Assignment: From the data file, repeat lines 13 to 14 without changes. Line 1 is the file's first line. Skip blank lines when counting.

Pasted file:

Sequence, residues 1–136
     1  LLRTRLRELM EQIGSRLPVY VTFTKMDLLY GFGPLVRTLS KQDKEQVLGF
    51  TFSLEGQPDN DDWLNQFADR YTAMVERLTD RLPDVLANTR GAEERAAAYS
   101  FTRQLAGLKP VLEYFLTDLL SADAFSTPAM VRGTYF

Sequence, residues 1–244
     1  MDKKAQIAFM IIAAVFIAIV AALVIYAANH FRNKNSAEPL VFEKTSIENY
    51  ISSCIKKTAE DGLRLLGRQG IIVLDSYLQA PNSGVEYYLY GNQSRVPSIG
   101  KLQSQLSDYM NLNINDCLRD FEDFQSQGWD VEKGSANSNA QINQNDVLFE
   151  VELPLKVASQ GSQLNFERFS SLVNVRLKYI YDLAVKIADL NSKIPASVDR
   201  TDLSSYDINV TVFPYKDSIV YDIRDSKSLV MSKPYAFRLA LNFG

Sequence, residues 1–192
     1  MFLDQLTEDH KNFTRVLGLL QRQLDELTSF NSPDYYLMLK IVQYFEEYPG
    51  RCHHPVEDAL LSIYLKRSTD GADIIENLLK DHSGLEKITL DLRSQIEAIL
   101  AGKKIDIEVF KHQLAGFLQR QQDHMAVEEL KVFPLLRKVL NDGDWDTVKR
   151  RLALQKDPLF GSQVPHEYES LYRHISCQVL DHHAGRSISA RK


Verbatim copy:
    51  RCHHPVEDAL LSIYLKRSTD GADIIENLLK DHSGLEKITL DLRSQIEAIL
   101  AGKKIDIEVF KHQLAGFLQR QQDHMAVEEL KVFPLLRKVL NDGDWDTVKR